Commissioners under threat from EU sleaze revelations

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The Independent Online

Four years after a sleaze row destroyed the previous European Commission, prompting its unprecedented mass resignation, the nightmare has returned to haunt its successor.

Tomorrow an official report will explain how as much as €920,000 (£640,000) was allowed to vanish from EU records and be channelled into a secret slush fund.

The case, which was described as the "looting" of Eurostat, the EU's statistical office, uncovered a catalogue of failings and provoked calls for the Spanish commissioner Pedro Solbes Mira - who is ultimately responsible for Eurostat - to resign.

The office had been under investigation by Olaf, the EU's fraudbuster, since 2000 but not until May this year, when Olaf tipped off French police, did European commissioners learn of the looming scandal.

A host of contracts were hurriedly cancelled or suspended and the three most senior Eurostat officials, Yves Franchet, Daniel Byk and Photius Nanopoulos, were moved to different posts. All deny having benefited personally. Tomorrow European commissioners will view the findings of a task force, which investigated the case, and an interim report from the Internal Audit Service.

The information is so sensitive that it is not being circulated to officials in advance - the usual practice - and, when MEPs see the findings the following day, they will do so in a sealed room without a photocopier. On Thursday Mr Prodi will face questions from the MEPs. Among the issues yet to be resolved are whether Eurostat officials benefited personally, why the commissioners failed to act sooner, and crucially whether the problems date from the period of the previous or the present Commission.

Yesterday Chris Patten, the European commissioner for external relations, said that dubious practices had not been "initiated after the arrival of the new Commission" and added that there appeared to be no evidence that "these off-budget funds were going to pay for mistresses' furs or villas in the south of France".

But the scandal has revealed faults such as proced-ures so cumbersome that officials circumvent them simply to fulfil their tasks and obsessive secrecy at Olaf.

Many MEPs believe this is simply not good enough. Chris Heaton-Harris, a Conservative MEP on the Parliament's budgetary control committee, says that at least three whistle-blowers had pointed to potential problems at Eurostat, whose difficulties featured in European Court of Auditors reports dating from 1993.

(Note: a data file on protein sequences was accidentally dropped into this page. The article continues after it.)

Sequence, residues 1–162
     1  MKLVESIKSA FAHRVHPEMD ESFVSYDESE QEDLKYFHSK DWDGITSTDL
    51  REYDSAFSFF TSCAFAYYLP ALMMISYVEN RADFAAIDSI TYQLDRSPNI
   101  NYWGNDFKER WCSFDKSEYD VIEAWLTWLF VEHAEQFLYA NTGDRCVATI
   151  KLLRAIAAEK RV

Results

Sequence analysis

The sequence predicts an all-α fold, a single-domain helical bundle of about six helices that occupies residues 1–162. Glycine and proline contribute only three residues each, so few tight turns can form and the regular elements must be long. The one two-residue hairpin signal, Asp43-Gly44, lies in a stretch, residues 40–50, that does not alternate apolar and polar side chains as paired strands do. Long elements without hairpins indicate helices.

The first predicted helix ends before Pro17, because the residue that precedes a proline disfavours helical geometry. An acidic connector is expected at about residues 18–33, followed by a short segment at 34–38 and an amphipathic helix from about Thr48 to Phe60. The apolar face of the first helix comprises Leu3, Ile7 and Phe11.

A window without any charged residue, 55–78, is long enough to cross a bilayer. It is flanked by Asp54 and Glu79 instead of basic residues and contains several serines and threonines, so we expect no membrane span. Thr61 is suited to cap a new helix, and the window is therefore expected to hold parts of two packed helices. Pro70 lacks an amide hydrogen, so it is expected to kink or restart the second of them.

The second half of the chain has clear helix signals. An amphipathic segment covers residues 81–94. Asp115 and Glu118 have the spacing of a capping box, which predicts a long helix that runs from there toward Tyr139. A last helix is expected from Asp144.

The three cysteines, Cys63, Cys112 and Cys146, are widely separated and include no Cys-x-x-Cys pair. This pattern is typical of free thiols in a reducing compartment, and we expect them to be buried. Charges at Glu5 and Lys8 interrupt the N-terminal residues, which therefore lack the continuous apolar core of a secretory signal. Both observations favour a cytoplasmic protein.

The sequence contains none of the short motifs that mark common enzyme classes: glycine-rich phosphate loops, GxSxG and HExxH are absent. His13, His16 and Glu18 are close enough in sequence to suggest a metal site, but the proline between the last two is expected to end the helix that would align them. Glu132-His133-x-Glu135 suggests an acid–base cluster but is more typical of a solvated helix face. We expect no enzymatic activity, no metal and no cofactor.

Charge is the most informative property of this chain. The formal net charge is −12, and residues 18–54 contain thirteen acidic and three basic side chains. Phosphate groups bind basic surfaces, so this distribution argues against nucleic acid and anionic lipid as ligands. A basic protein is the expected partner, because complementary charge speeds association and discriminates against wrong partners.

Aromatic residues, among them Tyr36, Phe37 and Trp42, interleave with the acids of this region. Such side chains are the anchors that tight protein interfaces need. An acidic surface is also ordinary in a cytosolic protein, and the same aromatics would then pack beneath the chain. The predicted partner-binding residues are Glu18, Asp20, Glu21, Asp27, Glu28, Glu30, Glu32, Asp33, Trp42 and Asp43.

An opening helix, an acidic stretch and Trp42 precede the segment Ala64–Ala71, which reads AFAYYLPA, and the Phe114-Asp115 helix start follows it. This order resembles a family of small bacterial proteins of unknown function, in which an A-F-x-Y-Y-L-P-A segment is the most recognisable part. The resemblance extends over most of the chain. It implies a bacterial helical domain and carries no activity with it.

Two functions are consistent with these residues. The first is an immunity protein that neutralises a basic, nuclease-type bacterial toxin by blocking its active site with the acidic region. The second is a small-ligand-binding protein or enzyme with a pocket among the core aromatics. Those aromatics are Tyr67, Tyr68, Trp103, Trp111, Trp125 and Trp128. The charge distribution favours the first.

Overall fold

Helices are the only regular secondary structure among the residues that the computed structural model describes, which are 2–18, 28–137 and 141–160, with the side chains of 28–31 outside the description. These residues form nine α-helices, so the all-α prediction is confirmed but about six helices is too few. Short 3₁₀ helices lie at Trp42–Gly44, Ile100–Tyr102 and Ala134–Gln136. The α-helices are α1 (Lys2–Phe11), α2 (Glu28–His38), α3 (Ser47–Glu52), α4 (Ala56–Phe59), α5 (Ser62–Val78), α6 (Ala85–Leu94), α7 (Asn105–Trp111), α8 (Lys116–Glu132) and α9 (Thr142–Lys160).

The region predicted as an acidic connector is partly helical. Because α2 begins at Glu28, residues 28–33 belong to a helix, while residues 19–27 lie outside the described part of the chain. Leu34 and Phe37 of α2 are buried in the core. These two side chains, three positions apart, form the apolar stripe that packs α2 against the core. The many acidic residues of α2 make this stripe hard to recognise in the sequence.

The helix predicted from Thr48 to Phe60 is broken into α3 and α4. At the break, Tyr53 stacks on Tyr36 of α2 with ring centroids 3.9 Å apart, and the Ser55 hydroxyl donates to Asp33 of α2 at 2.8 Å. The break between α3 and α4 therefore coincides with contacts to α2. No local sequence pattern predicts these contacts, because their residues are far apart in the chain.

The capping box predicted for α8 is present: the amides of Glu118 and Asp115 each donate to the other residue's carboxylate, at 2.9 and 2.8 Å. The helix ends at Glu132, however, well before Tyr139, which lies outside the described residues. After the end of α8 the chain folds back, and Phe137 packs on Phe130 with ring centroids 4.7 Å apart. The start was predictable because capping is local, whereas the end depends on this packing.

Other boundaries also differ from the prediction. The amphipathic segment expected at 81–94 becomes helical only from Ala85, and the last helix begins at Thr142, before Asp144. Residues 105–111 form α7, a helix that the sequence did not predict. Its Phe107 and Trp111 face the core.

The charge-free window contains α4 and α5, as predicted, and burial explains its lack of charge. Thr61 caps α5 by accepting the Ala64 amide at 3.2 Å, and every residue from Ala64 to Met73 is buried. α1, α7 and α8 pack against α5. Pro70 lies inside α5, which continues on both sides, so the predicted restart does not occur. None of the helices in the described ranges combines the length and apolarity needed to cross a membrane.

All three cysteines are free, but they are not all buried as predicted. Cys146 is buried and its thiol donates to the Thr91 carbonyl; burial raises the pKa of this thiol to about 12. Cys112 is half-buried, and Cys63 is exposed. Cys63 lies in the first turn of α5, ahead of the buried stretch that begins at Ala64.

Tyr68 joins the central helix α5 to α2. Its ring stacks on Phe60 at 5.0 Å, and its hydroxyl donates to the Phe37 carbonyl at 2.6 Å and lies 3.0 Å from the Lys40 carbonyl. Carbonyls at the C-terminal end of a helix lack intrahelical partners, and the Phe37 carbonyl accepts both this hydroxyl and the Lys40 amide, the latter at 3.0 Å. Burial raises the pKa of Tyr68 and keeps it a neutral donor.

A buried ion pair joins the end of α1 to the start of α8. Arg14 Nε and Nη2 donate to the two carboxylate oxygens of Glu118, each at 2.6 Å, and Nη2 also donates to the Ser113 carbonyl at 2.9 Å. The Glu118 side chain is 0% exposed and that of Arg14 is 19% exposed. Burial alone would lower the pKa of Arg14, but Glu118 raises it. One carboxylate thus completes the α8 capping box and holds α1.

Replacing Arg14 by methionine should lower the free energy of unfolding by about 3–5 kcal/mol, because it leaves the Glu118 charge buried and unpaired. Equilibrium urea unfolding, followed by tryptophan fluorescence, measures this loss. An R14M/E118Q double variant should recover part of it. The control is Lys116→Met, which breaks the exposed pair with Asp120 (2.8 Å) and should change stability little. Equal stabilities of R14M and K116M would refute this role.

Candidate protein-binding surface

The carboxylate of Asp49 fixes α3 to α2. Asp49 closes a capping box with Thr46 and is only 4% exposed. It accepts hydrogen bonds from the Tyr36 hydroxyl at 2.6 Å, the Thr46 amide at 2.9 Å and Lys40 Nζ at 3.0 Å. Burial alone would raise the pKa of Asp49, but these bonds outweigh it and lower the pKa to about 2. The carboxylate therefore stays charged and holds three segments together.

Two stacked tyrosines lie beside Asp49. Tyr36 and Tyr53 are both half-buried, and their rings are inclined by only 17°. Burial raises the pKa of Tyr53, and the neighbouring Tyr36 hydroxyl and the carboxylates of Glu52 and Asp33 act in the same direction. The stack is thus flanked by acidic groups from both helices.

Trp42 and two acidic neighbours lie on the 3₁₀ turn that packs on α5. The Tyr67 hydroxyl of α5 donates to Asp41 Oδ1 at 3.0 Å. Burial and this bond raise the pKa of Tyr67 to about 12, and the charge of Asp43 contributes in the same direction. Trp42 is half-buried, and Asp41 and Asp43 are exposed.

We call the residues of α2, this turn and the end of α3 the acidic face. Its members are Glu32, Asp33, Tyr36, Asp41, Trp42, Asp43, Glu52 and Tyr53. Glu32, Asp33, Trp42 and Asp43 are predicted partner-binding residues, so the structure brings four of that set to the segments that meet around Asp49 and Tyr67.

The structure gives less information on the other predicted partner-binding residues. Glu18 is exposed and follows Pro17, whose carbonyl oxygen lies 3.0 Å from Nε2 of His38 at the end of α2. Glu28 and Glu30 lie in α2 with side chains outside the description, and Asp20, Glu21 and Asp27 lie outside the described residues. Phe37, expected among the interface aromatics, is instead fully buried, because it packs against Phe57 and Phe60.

"There was so much noise around I find it hard to believe that they did not know something was wrong," he said. "Either there was such a breakdown in communication that they are incompetent, or they are complicit in something dodgy."

In 1999 the previous Commission was forced to resign en masse after an inquiry concluded it was "becoming difficult to find anyone who has even the slightest sense of responsib-ility". Four years later no one seems willing to take the rap.

There are differences between the cases, however. In 1999 the allegations were directed against commissioners, notably Edith Cresson who hired her dentist as a scientific adviser. This time commissioners are in the dock over what they failed to do.

In 1999 the entire Commission resigned because Ms Cresson refused to fall on her sword. Like all members of the current Commission, Mr Solbes pledged on appointment to resign if asked to by Mr Prodi. With limited political support in Madrid, Mr Solbes is vulnerable, the more so since he infuriated MEPs with a complacent observation that he could not be held responsible for things of which he knew nothing.

Mr Prodi, who is expected to return to Italian politics next year, has every incentive to show firm leadership and prove he is whiter than white - by sacking his Spanish commissioner if necessary.

The risk is that doing so might encourage critics make targets of two other commissioners: Neil Kinnock, the Commission vice-president in charge of administrative reform, and Michaele Schreyer, the budget commissioner.

For the European Commission president it is a far cry from the heady days of 1999 when he came into office pledging "zero tolerance" on fraud and malpractice. That is a promise he may be regretting.

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